Tag Archives: new demographic

Racialicious! When Race and Pop Culture Collide

by Carmen Van Kerckhove

I’m excited to announce that New Demographic’s seminar, Racialicious! When Race and Pop Culture Collide, is now available in both audio seminar and e-book formats!

From the neo-minstrelsy of Flavor of Love to the racial segregation on Survivor, from the race-swapping families on Black.White. to the fascination with interracial sex, from Gwen Stefani’s use of Harajuku girls as mute human props to Angelina Jolie’s obsession with international adoption, from Michael Richards’ lynching tirade to Rosie O’Donnell’s “ching chong” remarks, race and pop culture are colliding more now than ever before.

What does pop culture reveal about our attitudes toward race and racism? Does pop culture’s treatment of race help or harm discussions about race? As consumers of pop culture, what kinds of stereotypes and assumptions should we look out for?


Format: MP3 file that you can download, keep and play as many times as you like
42 minutes


Format: Adobe Acrobat PDF file that you can either print out or read on the screen. You can also download the file and keep it forever.
14 pages

Please note:

  • Within 24 hours of the time you place your order, you will receive an email with a link to the MP3 (audio seminar) or PDF (e-book), which you can download and keep forever.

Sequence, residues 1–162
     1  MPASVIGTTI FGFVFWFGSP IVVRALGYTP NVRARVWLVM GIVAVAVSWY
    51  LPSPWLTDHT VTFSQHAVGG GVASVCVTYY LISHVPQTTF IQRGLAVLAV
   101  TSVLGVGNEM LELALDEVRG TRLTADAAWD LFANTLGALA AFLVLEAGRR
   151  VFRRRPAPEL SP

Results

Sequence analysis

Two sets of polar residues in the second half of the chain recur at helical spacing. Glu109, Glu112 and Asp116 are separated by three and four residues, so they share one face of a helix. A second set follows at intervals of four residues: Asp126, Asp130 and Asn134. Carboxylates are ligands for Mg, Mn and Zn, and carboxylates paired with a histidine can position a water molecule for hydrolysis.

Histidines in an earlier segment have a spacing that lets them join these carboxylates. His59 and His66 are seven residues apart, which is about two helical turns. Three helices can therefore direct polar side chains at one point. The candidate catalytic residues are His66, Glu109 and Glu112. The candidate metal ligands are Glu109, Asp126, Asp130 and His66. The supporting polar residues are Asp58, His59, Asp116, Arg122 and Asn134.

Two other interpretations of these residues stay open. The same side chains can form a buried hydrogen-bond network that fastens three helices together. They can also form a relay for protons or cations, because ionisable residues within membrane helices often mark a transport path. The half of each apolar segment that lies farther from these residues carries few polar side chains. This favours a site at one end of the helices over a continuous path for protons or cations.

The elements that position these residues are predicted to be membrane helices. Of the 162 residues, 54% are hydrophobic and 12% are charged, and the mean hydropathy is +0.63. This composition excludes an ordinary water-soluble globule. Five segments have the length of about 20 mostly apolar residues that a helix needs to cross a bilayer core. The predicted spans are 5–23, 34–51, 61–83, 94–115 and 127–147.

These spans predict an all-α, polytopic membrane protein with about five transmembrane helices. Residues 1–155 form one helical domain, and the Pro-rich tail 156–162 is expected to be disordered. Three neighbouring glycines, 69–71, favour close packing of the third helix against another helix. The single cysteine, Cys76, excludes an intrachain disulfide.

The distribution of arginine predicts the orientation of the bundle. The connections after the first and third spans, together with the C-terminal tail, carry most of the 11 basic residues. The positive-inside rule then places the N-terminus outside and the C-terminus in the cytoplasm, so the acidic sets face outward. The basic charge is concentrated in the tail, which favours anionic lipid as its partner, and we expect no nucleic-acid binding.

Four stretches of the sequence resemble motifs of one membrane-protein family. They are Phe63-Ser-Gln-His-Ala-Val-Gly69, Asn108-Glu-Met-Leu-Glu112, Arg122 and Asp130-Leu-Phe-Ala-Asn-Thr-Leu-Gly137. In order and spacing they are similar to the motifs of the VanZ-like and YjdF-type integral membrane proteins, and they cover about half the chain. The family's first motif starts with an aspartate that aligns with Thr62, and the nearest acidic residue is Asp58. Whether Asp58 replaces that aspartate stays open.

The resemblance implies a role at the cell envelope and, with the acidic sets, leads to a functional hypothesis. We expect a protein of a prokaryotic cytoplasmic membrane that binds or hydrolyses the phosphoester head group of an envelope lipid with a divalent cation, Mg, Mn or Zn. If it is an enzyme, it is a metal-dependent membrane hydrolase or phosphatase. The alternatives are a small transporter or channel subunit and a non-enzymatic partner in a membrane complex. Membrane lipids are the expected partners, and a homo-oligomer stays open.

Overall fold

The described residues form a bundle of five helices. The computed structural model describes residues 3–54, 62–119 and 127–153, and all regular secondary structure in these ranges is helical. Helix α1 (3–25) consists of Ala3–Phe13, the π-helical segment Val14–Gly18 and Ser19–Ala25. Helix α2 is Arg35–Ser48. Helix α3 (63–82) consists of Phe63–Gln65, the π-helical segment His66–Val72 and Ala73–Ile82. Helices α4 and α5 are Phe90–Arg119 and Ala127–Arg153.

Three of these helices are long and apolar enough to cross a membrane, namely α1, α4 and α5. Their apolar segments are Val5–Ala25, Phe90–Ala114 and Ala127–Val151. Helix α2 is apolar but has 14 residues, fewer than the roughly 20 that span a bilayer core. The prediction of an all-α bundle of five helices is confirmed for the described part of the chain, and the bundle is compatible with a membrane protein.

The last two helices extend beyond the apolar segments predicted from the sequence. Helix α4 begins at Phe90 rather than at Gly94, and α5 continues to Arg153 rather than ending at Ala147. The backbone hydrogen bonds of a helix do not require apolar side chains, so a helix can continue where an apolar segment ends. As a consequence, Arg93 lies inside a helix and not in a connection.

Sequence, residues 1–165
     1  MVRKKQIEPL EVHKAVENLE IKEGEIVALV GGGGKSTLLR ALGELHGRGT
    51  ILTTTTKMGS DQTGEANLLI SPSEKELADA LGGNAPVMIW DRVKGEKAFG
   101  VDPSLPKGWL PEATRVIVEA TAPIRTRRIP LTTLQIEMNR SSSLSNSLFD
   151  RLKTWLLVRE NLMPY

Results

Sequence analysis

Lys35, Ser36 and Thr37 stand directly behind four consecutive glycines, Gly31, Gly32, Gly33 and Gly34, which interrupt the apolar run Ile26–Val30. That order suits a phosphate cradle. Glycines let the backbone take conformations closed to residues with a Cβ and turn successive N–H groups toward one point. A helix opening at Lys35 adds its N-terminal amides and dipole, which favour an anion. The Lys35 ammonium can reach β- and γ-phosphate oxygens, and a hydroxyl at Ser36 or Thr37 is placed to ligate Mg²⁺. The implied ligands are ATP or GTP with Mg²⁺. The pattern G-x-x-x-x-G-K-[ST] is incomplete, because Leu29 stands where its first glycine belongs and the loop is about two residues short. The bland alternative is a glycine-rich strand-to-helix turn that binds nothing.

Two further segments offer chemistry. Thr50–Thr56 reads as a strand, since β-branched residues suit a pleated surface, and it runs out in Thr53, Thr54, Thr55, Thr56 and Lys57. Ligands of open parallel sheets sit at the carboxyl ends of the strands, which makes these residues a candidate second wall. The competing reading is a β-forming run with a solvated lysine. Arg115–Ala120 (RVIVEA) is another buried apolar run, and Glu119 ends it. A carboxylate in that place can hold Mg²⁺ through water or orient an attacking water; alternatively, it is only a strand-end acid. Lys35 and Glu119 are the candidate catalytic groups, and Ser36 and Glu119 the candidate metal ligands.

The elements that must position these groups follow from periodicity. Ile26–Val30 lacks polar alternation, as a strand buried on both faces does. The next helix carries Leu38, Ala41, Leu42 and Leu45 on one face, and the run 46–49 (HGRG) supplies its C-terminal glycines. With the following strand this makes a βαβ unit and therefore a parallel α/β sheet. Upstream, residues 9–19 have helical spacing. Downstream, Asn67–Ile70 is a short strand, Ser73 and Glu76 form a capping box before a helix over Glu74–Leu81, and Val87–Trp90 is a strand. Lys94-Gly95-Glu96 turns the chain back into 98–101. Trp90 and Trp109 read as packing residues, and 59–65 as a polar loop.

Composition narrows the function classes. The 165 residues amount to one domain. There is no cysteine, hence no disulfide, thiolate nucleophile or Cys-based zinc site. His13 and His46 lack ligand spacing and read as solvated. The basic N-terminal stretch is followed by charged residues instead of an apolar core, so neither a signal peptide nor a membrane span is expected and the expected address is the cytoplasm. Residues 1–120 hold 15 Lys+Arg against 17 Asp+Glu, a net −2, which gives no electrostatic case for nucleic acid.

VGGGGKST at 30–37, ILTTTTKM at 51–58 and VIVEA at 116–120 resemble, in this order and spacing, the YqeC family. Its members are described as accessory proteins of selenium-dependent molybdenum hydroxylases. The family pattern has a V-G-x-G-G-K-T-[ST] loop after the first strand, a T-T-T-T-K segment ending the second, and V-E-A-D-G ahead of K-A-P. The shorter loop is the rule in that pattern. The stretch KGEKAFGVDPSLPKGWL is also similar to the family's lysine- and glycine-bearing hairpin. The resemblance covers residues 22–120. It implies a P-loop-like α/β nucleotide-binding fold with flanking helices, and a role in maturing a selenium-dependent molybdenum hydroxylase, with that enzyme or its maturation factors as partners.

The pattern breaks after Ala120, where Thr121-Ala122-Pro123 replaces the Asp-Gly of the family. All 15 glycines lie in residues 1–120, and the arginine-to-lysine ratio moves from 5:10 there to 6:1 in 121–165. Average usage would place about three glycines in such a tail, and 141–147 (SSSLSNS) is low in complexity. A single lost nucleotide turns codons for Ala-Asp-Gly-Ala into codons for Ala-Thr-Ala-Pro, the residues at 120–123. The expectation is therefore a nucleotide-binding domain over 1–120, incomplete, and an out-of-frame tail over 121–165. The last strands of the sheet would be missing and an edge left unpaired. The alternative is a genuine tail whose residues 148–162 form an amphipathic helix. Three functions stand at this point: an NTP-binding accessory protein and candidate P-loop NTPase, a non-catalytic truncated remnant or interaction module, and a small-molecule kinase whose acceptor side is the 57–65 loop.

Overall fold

• If you’d like to pay by credit card instead of PayPal, click one of the buttons above. When you get to the PayPal page, look in the lower left-hand corner where it says “Don’t have a PayPal account? No problem, continue checkout” and click the “Continue” button there.

What you missed on Race in the Workplace

by Carmen Van Kerckhove

In case you haven’t been checking out New Demographic’s latest blog, Race in the Workplace, here’s what you may have missed:

Promoting diversity in American classical music
Adina Ba interviews Aaron Dworkin, founder and president of the Sphinx Organization, a national non-profit founded in 1996 to overcome the dramatic racial inequalities in the field of classical music. Did you know that nationally, less than 4% of professional orchestras are comprised of Blacks and Latinos combined?

When you’re too honest during diversity training
Funny video from Comedy Central’s show “Dog Bites Man.” The diversity trainer they hire has no idea what he’s in for.

Recommended Reading
Why are non-white workers less likely to say promotions are based on merit? Is it a mistake to be a stay-at-home mother? How can you avoid an asshole boss? What’s the best way to ask for mentoring? Why are companies scared to fire problem workers?

Watercooler: The missing wedding invitation
Merq shares a story about a white coworker who not only refused to invite any non-white colleagues to his wedding but then proceeded to insult Merq with a racist joke.

What you missed on Race in the Workplace

by Carmen Van Kerckhove

In case you haven’t been checking out New Demographic’s latest blog, Race in the Workplace, here’s what you may have missed:

The HR department protects the company, not you
I interview career columnist and blogger Penelope Trunk about her new book, “Brazen Careerist: The New Rules for Success.” She’s full of counter-intuitive advice, like why reporting discrimination to HR may be the worst move you can make, why sexual harassment may actually be a career booster, why you should hope for a little incompetence on your boss’s part, and why $40,000 is the magic number to happiness through financial success.

Motivational video from Ernst & Young: Be happy or else!